It's been a happy International literacy Day thus far. The last time I looked, the media, and their friends in business and government, were still ignoring us.
About 8 this morning, Atlantic time, I checked the websites of the Guardian and the Independent, both newspapers in the UK, and found no literacy stories (Note: something would appear in the Guardian 6 hours later). Nothing showed up on the Scotsman or at the Irish Times. Coming west, I checked my local CBC website, and then I looked at the website for the Toronto Star and the Ottawa Citizen. So far so good. I looked at two papers in Australia - The Australian and The Age - as well as The Hindu. Nothing. I checked in with the Real News Network, with Straight.com and with Aljazeera. Good, good. Ditto South Africa's Mail & Guardian online And, I looked at my twitter feed.
And there was the only cloud on the horizon. CBC Edmonton's morning radio show, Edmonton AM, was doing a spot on literacy.
I checked in a couple of hours later, and caught them hauling out all the familiar chestnuts of misunderstanding, exaggeration and over-simplification.
For example, they explained the new "broadened" definition of literacy, by which they meant the narrowing of literacy to workplace essential skills or on-the-job literacy. They ignored family literacy and this year's theme, the link between literacy and peace; literacy and political justice was completely overlooked. (On the positive side, they didn't try to call smarter investing "financial literacy".)
Next, they blithely described as "literacy problems" both the situation where someone is promoted into a job without adequate training ("you know, where someone gets promoted and promoted and promoted and then they can't..."), and the situation of ESL learners, as though I were made less literate when my neighbour added a Persian script to the signage in his store.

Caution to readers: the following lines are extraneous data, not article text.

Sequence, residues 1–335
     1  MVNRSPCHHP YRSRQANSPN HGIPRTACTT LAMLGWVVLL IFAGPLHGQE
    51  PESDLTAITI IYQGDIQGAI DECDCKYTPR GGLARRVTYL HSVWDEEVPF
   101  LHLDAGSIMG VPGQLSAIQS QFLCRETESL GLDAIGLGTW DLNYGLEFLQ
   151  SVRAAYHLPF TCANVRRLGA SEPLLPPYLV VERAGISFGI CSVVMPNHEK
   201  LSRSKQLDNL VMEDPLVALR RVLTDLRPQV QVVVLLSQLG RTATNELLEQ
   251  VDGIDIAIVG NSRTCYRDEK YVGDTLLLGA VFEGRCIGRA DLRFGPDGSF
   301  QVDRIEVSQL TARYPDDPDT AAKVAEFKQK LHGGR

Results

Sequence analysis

They convoluted remediation and compensation when they explained the value of workplace literacy by giving an example of a company that has replaced print with icons or images to accommodate non-readers.
They trotted out decade old stats (40% of adult Albertans functionally illiterate) as though Alberta's excellent adult and family literacy workers hadn't accomplished much of anything in 10 years. They also made the magical claim, based on "talking to academics and economists" (i.e., someone who read OECD literature from the late 1990s), that if only 1% of adult Albertans (about 25,000 people) would improve their literacy enough to, say, pass the GED, the province would produce and sell an added $3,000,000,000 worth of products and services.
Finally, they looked forward to a noontime event where another book in the Good Reads series was being launched. Unfortunately, they managed to call these "books for adults learning to read" which pretty much describes Alberta's excellent Grass Roots Press Readers, but not the reading level 5, 6, and 7 Good Read books. Hopefully, at lunchtime, someone will be able to correct them or take their mics away or something.
Still in all, I'm hopeful. Another year like this - another year of widespread media silence - and we may have a chance to rebuild the public understanding of our field: what we do; who we serve; what our service looks like; why it's important; the many ways people can help.
One day, we might even have the chance to say something like this:
"My name is Wendell, and I work in literacy, which means I help people - children and adults - learn to read and write and do some basic math.
"I also help people with other kinds of learning. I help them learn about computers. I help them learn about things they need to do to get or keep a job. I help them prepare for tests like a driver's test or the GED. I help them learn more about their children and ways they can support their children's learning. I'm involved with many kinds of adult and family learning.
"But today, on International Literacy Day, I want to talk about my literacy work - my work with people who can read only a little, or not at all, and who want to change that."
One day. But not yet. Not today.